[Mne_analysis] Global field power
Phillip Alday
phillip.alday at mpi.nl
Thu Jul 23 07:07:47 EDT 2020
External Email - Use Caution
RMS is indeed the same as SD *when* the mean is zero. But I'm not sure
that's always the case in EEG, depending on which `picks` you have and
what the reference is.
There is also one more bit of fine print: the denominator for RMS is
pretty clear, but the denominator for SD may have a degrees of freedom
correction. So even if the case of zero mean, computing the RMS by hand
vs. calling a library function for SD may yield different results
depending on the library defaults for df. If I recall correctly,
scipy.stats actually uses a different default than numpy....
On a related topic: the R function scale() has a big note on this in its
documentation, because it allows for centering (subtracting the mean)
and/or scaling (RMS) and the combination of these two flags creates
straight centering, RMS, SD, or the identity transform.
Phillip
On 23/7/20 12:17 pm, José C. García Alanis wrote:
>
> External Email - Use Caution
>
> Hey everybody, hey Christoph,
>
> I believe, in this case the result of the standard deviation (SD) and
> root mean square (RMS) approach should be roughly the same (if not the
> same).
> You are right, that the RMS computation makes no subtraction of the
> mean across channels as it would be the case for the standard
> deviation. However, if the mean is zero, then the difference of a
> value to the mean it's just the value itself (the mean of the signal
> evoked.data should be pretty close to zero). Thus, the results of the
> calculations should be equivalent. But I'm open for discussion if this
> assumption is wrong.
>
> A quick snipped to test this assumption:
>
> D = np.random.normal(0, 1, 1000)
> D.std()
> 0.9586524583070871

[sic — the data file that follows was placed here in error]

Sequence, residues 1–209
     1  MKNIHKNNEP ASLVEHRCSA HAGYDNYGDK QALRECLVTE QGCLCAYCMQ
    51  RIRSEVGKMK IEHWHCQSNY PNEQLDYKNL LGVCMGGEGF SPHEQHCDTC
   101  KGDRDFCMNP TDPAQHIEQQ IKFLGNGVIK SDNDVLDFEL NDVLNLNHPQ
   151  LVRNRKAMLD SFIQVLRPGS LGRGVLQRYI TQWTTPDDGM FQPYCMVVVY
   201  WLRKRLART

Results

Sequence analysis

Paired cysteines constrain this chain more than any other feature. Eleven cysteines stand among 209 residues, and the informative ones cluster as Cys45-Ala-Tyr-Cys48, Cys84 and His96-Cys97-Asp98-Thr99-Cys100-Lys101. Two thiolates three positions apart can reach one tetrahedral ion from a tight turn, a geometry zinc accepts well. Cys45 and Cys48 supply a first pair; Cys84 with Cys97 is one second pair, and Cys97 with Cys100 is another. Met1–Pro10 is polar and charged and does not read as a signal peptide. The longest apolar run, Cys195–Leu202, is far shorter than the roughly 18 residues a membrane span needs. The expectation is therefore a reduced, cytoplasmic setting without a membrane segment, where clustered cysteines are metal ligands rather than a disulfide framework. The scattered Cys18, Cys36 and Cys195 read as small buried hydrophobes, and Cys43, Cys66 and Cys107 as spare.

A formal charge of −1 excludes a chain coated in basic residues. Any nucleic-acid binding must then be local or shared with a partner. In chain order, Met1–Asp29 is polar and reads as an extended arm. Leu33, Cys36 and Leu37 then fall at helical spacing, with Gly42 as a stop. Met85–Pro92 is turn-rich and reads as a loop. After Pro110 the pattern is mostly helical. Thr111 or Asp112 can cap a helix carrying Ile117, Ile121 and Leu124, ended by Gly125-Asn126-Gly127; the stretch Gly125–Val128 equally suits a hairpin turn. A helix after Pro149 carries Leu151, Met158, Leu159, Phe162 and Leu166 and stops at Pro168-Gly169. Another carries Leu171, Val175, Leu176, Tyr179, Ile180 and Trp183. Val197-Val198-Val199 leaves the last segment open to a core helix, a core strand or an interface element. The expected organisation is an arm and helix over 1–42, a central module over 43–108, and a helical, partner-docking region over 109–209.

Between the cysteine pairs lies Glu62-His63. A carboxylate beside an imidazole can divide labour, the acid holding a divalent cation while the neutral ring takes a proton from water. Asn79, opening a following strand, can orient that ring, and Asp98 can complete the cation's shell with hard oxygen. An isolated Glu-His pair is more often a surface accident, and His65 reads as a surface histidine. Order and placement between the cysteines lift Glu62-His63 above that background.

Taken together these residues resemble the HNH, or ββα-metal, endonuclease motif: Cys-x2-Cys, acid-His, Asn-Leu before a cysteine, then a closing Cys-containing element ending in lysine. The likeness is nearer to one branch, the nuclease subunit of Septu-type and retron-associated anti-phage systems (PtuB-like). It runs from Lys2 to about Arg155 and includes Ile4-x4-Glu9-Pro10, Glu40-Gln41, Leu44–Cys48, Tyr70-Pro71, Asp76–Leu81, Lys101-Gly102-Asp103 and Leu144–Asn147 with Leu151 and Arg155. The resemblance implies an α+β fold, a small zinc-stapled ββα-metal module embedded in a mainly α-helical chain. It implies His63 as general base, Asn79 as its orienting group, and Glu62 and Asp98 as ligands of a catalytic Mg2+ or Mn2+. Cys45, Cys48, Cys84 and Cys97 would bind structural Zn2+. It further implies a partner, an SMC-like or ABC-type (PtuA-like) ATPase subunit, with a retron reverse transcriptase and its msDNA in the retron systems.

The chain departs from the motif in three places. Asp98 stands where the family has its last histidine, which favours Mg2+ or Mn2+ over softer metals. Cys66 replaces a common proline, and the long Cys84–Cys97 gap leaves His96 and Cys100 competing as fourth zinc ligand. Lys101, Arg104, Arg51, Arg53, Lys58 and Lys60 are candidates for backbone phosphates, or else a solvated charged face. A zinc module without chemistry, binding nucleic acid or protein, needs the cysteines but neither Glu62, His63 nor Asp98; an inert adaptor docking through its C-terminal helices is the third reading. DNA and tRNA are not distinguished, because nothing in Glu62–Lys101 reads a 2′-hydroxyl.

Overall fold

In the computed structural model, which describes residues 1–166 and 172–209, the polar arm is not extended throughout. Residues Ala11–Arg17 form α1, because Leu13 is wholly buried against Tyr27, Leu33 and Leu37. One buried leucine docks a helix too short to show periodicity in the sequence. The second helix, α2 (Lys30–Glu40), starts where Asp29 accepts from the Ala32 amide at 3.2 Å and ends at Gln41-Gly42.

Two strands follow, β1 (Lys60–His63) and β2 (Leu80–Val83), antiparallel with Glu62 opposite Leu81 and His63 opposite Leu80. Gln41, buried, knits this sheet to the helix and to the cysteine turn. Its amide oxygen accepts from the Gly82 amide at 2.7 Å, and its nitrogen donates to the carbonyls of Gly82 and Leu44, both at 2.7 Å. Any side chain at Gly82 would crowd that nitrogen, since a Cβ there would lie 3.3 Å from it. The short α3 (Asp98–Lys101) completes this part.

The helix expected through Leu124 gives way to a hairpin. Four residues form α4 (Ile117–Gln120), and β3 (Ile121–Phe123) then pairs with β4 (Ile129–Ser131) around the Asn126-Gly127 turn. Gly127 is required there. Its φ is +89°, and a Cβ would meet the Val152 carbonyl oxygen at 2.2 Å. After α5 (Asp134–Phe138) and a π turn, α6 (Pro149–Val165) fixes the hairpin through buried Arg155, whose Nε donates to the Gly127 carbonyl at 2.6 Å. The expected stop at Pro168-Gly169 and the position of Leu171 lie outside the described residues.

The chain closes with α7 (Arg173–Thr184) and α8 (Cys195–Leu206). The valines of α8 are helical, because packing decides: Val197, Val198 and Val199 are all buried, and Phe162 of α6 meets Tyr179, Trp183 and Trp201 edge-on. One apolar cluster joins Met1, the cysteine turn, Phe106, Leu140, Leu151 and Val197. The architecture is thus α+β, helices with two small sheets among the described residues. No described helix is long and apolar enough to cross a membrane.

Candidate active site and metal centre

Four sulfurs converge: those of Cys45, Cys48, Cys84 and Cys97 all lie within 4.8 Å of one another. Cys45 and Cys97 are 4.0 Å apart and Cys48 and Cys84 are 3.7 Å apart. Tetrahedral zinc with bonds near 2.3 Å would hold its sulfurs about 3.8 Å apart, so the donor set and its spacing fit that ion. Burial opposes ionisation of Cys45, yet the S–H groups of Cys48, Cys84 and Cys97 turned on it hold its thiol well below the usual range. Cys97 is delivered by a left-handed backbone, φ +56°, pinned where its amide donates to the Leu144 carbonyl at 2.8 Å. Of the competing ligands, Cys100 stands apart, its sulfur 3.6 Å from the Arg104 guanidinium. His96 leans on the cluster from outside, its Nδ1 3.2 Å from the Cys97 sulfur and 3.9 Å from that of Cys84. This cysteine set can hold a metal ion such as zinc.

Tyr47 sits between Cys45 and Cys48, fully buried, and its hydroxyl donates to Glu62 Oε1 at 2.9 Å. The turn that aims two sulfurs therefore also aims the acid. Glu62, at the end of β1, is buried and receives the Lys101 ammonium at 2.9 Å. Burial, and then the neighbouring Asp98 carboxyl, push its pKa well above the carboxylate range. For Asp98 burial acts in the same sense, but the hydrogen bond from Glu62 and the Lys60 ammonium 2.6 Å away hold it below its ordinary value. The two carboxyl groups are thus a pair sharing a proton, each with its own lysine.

>
> np.sqrt((D * D).mean())
> 0.9586667427413401
>
> Roughly the same. The results should vary if you assume a mean != 0.
>
> Best,
> José
>
>
>
> Am Do., 23. Juli 2020 um 10:53 Uhr schrieb Christoph Huber-Huber
> <christoph at huber-huber.at <mailto:christoph at huber-huber.at>>:
>
> External Email - Use Caution
>
> Hi list,
>
> I recently came across that mne python uses 3 different formulas
> for calculating global field power (GFP). I’m wondering why.
> They are:
>
> - The spatial standard deviation
> line 1492 of /mne/viz/utils.py
> gfp = evoked.data.std(axis=0)
> This is the original version as e.g. in Lehmann & Skrandies
> (1980) dx.doi.org/10.1016/0013-4694(80)90419-8
> <http://dx.doi.org/10.1016/0013-4694(80)90419-8>
> Note that the fieldtrip folks write about global field power “The
> naming implies a squared measure but this is not the case.” (see
> help text of the FT_GLOBALMEANFIELD function of the fieldtrip
> toolbox).
>
> - Root mean square
> line 2988 of /mne/viz/utils.py
> combine_dict['gfp'] = lambda data: np.sqrt((data ** 2).mean(axis=1))
> There is no subtraction of the mean across channels as would be
> the case for standard deviation.
>
> - Again, root mean square
> line 466 of /mne/viz/evoked.py
> this_gfp = np.sqrt((D * D).mean(axis=0))
>
> - Sum of squares
> line 131 of
> /examples/time_frequency/plot_time_frequency_global_field_power.py
> gfp = np.sum(average.data ** 2, axis=0)
> Here, we’re dealing with power values of a time-frequency
> decomposition, so that’s perhaps the reason for the missing mean
> and sqrt?
>
> The mne python glossary at /doc/glossary.rst describes GFP as “the
> standard deviation of the sensor values at each time point”,
> consistent with Lehmann & Skrandies. That seems to be correct only
> for the first formula mentioned here.
>
> Any suggestions for the reasons of when to use which version and
> educated guesses of whether these differences matter in practice
> are highly welcome.
>
> Thank you very much,
> Christoph
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